Latimer case reveals flaws in Canadian justice system
A child is born to a Prairie farm couple. It is obvious that she has many problems, but when she stops breathing, the Doctor resuscitates her — twice. At first she seems much like a normal baby — the cerebral palsy is not too evident. There are pictures of her, smiling, mostly on her father’s knee — later cuddled with her siblings. She is much beloved.
But as the years pass, there are unhappy changes. She will never be mentally older than a four-month-old baby; therefore much care is required — and lovingly given. There are numerous operations as her body grows. All these cause great pain, but the doctor prescribes only Tylenol — he says more would send her into a coma. (If there is anyone to blame in this sorry affair, I think it would be the doctor.)
The family pictures change too. She is still cradled in her father’s arms, but the little face is strained; the father’s becomes increasingly sad — despairing. Imagine a four month old being subjected to what seems like torture — and apparently by those she recognizes and loves. At one point they give in to urging and try putting her in an institution — but she cries so hard, they are told, they bring her home again.
The neighbour who comes in to help is near tears all the time. “They cared so much,” she said later. It was all “Tracy, Tracy, Tracy. They hardly had time for their other children. It was almost unbearable to watch. ” Meanwhile, the parents were taking turns lying with her at night, turning her often, trying to make her cease the endless, pitiful crying. Trying their best to make her a little more comfortable.
Finally they are told that the little girl — now a lengthy pre-teenager in body — must have yet one more operation. It is proposed to sever one leg from her body. It will still be there, but not attached. The mother cannot contain her tears. “They are going to mutilate my little girl!” she sobs.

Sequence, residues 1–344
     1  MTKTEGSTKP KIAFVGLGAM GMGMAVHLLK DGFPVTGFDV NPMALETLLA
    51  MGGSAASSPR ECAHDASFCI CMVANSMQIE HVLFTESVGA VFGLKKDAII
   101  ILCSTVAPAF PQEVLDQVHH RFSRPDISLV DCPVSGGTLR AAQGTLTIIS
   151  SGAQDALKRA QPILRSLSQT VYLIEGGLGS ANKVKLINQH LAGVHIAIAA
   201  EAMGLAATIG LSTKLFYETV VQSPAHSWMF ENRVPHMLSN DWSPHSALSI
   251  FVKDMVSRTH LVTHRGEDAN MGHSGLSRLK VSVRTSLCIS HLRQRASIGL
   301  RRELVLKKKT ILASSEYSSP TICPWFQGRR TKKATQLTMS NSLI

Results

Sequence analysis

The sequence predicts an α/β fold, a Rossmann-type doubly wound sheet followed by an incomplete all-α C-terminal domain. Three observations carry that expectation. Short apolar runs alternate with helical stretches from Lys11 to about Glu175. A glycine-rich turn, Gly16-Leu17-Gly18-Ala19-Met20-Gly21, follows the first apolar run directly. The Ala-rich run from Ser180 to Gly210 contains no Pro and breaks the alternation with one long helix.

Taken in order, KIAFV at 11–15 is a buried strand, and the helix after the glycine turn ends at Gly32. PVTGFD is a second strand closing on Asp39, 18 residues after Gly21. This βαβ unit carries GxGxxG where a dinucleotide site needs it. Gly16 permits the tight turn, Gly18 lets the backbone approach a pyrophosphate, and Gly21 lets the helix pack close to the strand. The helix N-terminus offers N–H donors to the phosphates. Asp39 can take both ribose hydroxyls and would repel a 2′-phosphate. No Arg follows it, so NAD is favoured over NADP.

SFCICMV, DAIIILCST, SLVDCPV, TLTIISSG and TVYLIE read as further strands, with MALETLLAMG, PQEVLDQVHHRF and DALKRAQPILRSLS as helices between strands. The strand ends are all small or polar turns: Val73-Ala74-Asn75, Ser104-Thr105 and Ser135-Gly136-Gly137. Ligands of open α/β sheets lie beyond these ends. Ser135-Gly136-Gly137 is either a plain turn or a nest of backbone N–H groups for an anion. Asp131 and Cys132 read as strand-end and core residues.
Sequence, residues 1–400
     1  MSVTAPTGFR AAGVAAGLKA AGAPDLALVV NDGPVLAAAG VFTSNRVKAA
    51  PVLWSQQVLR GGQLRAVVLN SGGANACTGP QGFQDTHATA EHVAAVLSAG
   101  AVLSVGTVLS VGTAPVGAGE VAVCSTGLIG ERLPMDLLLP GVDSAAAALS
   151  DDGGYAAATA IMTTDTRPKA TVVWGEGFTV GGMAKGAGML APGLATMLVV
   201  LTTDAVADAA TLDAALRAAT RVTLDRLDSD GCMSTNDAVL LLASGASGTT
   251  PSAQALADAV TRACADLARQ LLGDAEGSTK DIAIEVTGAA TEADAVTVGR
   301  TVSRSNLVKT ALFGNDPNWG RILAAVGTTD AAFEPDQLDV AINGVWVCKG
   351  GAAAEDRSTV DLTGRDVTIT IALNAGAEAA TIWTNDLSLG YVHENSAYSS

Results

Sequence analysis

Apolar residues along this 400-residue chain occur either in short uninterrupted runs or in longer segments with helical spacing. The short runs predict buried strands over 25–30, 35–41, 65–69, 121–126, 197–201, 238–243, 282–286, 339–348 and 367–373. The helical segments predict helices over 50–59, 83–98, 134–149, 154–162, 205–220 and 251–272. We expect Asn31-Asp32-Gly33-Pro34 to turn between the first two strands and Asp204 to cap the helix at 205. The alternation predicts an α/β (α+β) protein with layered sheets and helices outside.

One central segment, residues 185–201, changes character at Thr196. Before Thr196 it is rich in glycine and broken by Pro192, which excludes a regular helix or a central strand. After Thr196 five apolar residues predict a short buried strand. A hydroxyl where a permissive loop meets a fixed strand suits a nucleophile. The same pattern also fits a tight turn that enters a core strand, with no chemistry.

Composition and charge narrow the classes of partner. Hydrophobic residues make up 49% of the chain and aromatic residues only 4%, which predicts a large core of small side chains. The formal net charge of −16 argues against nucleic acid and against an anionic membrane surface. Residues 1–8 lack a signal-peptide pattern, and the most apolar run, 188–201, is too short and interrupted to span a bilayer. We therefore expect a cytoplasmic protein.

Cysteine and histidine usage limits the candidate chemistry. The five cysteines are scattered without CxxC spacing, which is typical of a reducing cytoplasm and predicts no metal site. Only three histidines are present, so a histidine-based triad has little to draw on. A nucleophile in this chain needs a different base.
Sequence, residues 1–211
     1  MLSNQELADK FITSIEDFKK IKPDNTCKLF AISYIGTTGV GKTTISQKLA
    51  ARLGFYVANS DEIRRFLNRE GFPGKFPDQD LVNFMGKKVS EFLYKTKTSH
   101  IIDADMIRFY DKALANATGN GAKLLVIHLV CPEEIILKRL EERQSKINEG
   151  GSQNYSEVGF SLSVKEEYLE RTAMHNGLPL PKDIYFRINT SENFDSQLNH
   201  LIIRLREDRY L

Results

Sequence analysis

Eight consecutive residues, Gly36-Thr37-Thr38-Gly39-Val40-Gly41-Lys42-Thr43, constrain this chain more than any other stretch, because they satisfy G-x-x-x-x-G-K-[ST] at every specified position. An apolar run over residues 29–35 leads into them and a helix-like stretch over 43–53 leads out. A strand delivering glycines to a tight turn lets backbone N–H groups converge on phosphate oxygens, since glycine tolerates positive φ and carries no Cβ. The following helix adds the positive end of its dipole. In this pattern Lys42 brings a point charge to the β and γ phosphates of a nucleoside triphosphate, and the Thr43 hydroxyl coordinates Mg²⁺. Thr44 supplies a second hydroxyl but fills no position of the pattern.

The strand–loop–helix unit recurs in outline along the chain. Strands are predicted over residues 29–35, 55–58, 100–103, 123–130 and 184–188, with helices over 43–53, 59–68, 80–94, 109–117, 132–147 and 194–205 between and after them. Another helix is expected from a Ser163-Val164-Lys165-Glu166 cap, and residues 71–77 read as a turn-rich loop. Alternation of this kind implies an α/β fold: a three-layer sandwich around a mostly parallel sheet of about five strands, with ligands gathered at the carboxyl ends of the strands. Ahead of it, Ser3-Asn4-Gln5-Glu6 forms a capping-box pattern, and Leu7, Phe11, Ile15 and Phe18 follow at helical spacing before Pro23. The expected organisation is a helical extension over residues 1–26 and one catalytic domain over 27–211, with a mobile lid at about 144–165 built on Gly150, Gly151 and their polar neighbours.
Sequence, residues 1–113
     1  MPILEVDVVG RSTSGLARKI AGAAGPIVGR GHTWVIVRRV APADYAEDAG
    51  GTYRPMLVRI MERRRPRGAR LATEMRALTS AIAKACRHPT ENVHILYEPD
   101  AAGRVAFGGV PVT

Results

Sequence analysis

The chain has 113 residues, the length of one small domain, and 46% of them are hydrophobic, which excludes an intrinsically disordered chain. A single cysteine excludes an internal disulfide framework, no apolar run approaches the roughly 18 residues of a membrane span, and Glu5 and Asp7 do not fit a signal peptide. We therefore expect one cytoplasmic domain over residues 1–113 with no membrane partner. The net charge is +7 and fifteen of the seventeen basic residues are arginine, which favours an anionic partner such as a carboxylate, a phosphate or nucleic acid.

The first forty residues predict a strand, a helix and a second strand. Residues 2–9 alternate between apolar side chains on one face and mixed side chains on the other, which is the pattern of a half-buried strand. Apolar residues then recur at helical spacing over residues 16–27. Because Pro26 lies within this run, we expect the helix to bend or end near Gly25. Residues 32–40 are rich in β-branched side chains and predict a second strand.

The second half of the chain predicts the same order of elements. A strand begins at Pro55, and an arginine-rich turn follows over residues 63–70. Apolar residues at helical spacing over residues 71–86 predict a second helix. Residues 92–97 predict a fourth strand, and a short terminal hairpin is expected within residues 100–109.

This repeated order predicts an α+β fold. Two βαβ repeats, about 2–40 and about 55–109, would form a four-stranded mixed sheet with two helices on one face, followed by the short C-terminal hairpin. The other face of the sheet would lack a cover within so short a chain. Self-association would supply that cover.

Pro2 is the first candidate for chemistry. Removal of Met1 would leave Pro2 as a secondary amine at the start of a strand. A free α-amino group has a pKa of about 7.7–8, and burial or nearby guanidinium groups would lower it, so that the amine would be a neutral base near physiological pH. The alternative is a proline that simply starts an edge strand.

We know the rest of the story. Robert Latimer chose a time when the family was at church, then attached the hose. He wanted a painless death for his beloved daughter.
He laid the little body in her bed. But he could not lie to the police.
I can still see the headlines: “This is not open season on the disabled!” they screamed. And then one disabled citizens’ group made itself heard. Latimer was a cruel and heartless murderer. The headlines spread across Canada. Lies were told — I remember one story. Tracy was said to be in school, and loved an outing to the zoo. And so on.
Of course we all know of handicapped people — some severely so — who have led successful, admirable lives. But what did the future hold for Tracy? Nowadays doctors could have done more, no doubt. This was an isolated doctor, treating isolated farm-people. He must have watched Tracy’s agony over the years. He could have gently relieved her suffering. But there’s that Oath doctors must take.
The small group of disabled people stacked that trial. Did the judge have any understanding? Latimer went to jail — where he continued to run his farm, from a distance. And he never wavered.
He believed — still believes — what he did was right, for Tracy. Meanwhile a farm wife lived without a husband; children growing up without a father. And he has repeatedly been denied parole — because he still could not lie — could not fake remorse.
Killers are given incredibly short sentences — daily, it seems. Yet this man, who is no threat to anyone, has forfeited his life. And few in Canada care.
The case has haunted me all these years. But we gave up striving to free him years ago.
Our justice system is often cruelly warped. Never more so than in the Latimer case.